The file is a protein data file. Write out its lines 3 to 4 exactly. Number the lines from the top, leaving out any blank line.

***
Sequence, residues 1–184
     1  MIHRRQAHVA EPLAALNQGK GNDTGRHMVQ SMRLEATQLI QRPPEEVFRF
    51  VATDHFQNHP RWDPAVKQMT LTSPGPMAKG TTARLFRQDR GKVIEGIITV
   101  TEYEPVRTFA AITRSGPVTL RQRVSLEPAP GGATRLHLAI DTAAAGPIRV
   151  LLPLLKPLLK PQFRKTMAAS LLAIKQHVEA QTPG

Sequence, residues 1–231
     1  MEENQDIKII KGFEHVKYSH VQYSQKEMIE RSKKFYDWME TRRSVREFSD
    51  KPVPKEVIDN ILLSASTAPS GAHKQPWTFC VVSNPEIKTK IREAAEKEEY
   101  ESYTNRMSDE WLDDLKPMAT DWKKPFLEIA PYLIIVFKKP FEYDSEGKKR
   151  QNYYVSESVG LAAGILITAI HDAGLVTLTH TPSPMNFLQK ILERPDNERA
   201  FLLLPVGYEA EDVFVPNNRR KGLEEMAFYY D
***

    51  VATDHFQNHP RWDPAVKQMT LTSPGPMAKG TTARLFRQDR GKVIEGIITV
   101  TEYEPVRTFA AITRSGPVTL RQRVSLEPAP GGATRLHLAI DTAAAGPIRV